COVID-19 Modeling & Projections

Julia Greenwood, RD, LDN, Clinical Nutrition Manager, Vidant Duplin Hospital, dons a surgical face mask. Although there is a shortage of PPE supplies at healthcare systems across the US, experts are advocating for more widespread usage of face masks in communities.

One of the only constants of the COVID-19 pandemic is how often data and projections are changing. This is frustrating for our society, as there is a collective overwhelming desire to know when the US will hit its peak of cases, and when life can resume normalcy, and those timelines seem to be constant flux. It is therefore important to understand how projections are made and why they seem to change so frequently. Projections and public health guidance are derived from data-based models, including key numbers like the rate of infections in hot spots, the progression of recoveries, CFR (case fatality ratio), etc. The models then map out what the near future could look like – including when we could expect to see the disease die out. That said, with such a novel virus, those numbers are only as reliable as the data coming in, and researchers are advocating for improved systems of shared data to make better projections.

As we participate in protective measures like social distancing for longer, the rate of infections should slow down, changing the data that feeds the models once again. As updated modeling projections influence governments’ public health decisions for COVID-19 containment on a fairly regular basis, experts argue that long-standing guidance from health organizations should also be reconsidered in light of the changing data and current circumstances.

The United States is now the epicenter of the COVID-19 pandemic surpassing China and Italy last week, and the swift uptick in cases has experts urging the use of face masks for the general public- especially for those with essential jobs and those that rely on public transportation. Wearing a mask does not equate to total prevention by any means, and should not replace hand washing and physical distancing measures, but it could help mitigate the overall risk of transmission.

Making the Case for Face Masks

When COVID-19 infections arrived in Europe and in the US in February, public health authorities immediately and loudly cautioned the use of surgical masks for the general public. The insistence was based on several long-standing factors including masks should be worn only by those who are already sick and their caregivers to prevent the spread of their germs, and to prevent people from stockpiling N95 masks which could lead to a depletion of the critical PPE supply for healthcare workers and could put hospital systems at risk.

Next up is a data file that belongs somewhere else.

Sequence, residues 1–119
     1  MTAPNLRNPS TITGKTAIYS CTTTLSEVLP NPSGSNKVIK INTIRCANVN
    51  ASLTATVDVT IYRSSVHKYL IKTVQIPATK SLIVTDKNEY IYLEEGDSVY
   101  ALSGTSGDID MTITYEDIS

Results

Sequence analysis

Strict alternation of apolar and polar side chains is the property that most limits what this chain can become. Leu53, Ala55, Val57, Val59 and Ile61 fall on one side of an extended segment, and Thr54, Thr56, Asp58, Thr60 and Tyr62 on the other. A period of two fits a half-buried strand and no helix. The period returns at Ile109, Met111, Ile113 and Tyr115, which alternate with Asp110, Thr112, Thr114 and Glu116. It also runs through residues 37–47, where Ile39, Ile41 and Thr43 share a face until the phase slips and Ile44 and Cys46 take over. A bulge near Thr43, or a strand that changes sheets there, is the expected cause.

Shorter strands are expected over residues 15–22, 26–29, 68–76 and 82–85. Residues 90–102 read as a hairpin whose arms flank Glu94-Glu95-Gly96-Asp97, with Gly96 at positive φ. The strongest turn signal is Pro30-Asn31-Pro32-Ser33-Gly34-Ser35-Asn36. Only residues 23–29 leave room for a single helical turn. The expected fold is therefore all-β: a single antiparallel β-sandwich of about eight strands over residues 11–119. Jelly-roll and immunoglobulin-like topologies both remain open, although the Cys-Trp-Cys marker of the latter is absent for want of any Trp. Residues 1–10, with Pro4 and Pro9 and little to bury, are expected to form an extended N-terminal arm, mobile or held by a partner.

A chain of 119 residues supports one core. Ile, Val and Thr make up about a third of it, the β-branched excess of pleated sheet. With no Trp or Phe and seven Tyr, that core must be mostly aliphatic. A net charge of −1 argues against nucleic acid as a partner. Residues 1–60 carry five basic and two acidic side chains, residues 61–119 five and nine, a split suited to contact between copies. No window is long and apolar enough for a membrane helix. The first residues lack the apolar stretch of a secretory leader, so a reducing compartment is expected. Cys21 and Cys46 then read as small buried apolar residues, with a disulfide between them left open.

As we are currently witnessing throughout the US, and especially in major outbreak hot spots like New York City, Detroit, San Francisco, and Chicago, hospital systems are very much at risk. Medical supplies are dwindling and in some cases, healthcare workers have been mandated to reuse their N95 face masks.

The dire situation of those systems makes reversing the statement on face masks for the general public a difficult one, and not one that the CDC or WHO is willing to make at this time. In a tweet last week, the CDC stood firm that masks should be reserved for those that are sick and for healthcare workers. However, as the pandemic thunders on in the US, healthcare experts are increasingly advocating for the use of face masks in communities as an additional protective measure to fight the spread of disease.

Telling symptoms of COVID-19 include fever, cough, shortness of breath, but there are many cases of patients who were asymptomatic. The biggest argument for wearing face masks is to prevent those that are sick with no symptoms from unknowingly spreading infection to others. The main route of COVID-19 transmission is from large respiratory droplets via sneezing and coughing – and wearing a mask, combined with good hygienic practices and staying home, could have an impact on reducing community spread. In a study published from a variety of researchers that have recently received large circulation in medical circles, data evaluated from the 2003 SARS outbreak indicate that washing hands 10x a day was 55% more effective in reducing disease transmission – but wearing a face mask was 68% more effective.

VIGILINT advises the routine use of respiratory masks, coupled with good hand washing for ALL essential employees who work in close quarters where physical distancing is difficult, and in asymptomatic patients who must leave home quarantine.